Walmart sued for firing deli worker with Crohn’s disease

Walmart has been sued by the Equal Employment Opportunity Commission (EEOC) in the United States.

The EEOC said Walmart’s firing of Adrian Tucker in April 2017 violated the Americans with Disabilities Act. This is because her nine “unauthorized” absences in the past six months, including her hospitalization and emergency room visits, violated the company’s “attendance and punctuality policy.”

According to a complaint filed in federal court in Charlotte, North Carolina, Walmart said that despite Tucker’s submission of a doctor’s note and his refusal of requests for regular vacations or a transfer to a job closer to the bathroom, Walmart had several did not excuse his absence from work.

Crohn’s disease is a chronic bowel disease that causes inflammation in the digestive tract and can lead to diarrhea, abdominal pain, fatigue, and weight loss.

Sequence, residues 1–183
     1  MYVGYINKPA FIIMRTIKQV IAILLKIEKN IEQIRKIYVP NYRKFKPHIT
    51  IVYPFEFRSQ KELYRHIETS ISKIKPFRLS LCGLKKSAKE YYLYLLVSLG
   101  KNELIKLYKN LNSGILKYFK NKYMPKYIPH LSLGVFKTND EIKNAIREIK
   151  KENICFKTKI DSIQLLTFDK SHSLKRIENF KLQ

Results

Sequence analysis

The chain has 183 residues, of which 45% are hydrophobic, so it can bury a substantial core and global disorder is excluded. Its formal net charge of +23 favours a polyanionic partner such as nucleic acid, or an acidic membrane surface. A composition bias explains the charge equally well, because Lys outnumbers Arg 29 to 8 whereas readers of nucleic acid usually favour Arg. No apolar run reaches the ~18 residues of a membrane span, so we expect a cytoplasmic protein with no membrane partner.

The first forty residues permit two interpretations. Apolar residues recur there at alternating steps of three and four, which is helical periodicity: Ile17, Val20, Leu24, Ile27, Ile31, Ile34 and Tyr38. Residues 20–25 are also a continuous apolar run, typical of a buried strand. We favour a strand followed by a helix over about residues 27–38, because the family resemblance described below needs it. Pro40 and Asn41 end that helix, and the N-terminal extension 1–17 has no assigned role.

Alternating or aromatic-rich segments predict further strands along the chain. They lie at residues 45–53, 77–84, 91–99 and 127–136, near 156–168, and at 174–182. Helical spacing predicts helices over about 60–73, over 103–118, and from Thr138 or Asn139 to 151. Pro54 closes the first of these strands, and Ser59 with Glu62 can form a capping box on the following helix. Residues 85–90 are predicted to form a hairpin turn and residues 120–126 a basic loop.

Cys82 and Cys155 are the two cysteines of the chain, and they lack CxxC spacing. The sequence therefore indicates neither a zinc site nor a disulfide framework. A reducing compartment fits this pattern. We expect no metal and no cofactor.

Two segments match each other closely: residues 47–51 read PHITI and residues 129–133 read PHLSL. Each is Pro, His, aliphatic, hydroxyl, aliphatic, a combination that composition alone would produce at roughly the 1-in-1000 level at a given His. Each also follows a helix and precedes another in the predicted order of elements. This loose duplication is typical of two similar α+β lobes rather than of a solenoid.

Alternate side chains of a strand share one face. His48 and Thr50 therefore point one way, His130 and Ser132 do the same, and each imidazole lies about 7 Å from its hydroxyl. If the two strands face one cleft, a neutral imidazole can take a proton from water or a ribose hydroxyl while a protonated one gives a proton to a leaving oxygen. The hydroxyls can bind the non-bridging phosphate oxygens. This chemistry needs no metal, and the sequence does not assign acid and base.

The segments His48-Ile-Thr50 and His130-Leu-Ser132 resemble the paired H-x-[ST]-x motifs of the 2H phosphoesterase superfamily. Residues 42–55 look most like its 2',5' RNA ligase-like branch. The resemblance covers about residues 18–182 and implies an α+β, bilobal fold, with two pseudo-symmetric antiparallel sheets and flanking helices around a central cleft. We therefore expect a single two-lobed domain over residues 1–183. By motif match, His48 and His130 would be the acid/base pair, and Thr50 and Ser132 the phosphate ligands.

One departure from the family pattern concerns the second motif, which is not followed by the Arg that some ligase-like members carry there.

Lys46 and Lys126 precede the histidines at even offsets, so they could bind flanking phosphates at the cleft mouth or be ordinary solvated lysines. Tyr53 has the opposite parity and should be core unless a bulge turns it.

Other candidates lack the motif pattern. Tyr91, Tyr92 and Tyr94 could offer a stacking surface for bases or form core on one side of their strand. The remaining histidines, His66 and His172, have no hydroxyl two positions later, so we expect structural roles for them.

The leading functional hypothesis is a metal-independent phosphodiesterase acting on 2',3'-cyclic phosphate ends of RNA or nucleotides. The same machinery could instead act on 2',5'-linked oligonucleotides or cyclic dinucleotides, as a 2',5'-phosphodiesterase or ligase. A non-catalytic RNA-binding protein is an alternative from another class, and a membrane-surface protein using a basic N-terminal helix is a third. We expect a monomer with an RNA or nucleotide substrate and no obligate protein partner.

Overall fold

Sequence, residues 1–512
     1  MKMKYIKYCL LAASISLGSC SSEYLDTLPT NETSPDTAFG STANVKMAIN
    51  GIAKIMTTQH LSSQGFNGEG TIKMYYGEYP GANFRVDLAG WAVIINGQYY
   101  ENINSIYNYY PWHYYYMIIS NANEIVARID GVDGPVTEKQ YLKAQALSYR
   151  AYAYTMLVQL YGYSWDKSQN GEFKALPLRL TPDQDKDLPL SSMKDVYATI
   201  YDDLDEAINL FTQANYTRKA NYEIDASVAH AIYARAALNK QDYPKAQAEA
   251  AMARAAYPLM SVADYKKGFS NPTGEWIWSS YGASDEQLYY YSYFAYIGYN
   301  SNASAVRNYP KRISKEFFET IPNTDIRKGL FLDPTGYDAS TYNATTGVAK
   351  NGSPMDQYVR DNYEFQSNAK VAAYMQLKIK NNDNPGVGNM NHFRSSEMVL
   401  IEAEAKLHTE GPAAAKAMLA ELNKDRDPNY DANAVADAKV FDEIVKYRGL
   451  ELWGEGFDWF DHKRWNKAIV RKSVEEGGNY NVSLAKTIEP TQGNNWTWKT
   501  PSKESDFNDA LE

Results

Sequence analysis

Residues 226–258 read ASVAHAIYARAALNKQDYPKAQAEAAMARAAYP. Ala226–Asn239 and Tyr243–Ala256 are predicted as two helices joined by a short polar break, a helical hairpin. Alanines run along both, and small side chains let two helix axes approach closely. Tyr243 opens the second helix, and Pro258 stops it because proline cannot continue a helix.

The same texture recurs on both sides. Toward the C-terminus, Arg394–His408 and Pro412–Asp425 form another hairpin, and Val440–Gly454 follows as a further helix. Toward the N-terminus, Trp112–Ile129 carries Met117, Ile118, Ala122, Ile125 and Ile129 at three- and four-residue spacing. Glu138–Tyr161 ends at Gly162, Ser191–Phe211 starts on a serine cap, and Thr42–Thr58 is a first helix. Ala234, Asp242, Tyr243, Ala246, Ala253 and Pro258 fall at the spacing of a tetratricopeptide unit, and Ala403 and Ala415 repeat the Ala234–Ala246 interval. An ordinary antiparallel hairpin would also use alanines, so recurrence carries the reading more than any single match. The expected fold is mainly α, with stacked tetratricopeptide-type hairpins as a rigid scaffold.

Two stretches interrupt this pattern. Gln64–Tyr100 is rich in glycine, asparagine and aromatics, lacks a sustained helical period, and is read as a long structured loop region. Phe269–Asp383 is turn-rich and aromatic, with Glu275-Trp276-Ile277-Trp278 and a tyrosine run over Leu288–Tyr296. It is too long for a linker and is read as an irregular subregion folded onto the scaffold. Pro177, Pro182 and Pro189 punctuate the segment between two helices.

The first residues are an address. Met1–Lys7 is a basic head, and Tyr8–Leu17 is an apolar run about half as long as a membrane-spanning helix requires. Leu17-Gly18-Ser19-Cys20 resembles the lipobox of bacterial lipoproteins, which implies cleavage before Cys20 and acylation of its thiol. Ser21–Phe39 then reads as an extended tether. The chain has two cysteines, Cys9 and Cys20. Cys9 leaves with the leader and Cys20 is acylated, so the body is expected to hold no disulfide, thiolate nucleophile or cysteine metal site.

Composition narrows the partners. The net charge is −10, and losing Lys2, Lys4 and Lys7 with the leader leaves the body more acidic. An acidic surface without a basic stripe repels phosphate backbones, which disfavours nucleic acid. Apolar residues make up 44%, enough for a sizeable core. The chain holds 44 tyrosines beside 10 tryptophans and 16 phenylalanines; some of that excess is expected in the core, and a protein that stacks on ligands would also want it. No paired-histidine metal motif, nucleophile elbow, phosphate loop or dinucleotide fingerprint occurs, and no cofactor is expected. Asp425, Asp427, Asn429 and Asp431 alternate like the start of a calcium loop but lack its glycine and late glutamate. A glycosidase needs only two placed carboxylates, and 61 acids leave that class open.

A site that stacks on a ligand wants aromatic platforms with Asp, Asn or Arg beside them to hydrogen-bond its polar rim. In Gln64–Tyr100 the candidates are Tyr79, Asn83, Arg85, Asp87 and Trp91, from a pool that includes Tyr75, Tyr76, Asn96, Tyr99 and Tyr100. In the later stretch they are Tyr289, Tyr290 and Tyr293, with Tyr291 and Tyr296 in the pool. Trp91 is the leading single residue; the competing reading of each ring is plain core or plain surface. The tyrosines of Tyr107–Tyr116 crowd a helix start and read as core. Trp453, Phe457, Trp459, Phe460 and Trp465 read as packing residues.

Before being laid off, Tucker worked for three years at Walmart in Statesville, North Carolina, where he served customers, prepared meals, cleaned, washed dishes, and handled chickens weighing up to 50 pounds (23 kg). I lifted the box of

EEOC attorney Melinda Dugas said in a statement that Tucker was a long-term employee who needed “flexibility” from Walmart because of his declining health. It was created to protect our employees.”

Bentonville, Arkansas-based Walmart said it was reviewing the complaint.

“We have been a premier employer for people with disabilities for many years and have thousands of employees who work with reasonable accommodation.” We do not condone or take such allegations seriously.”

The lawsuit seeks compensation and punitive damages for Tucker, as well as an end to similar future discrimination.

The action is EEOC v Wal-Mart Stores East LP, United States District Court, Western District of North Carolina, No. 23-00181.

Reporting by Jonathan Stempel, New York; Editing by Aurora Ellis

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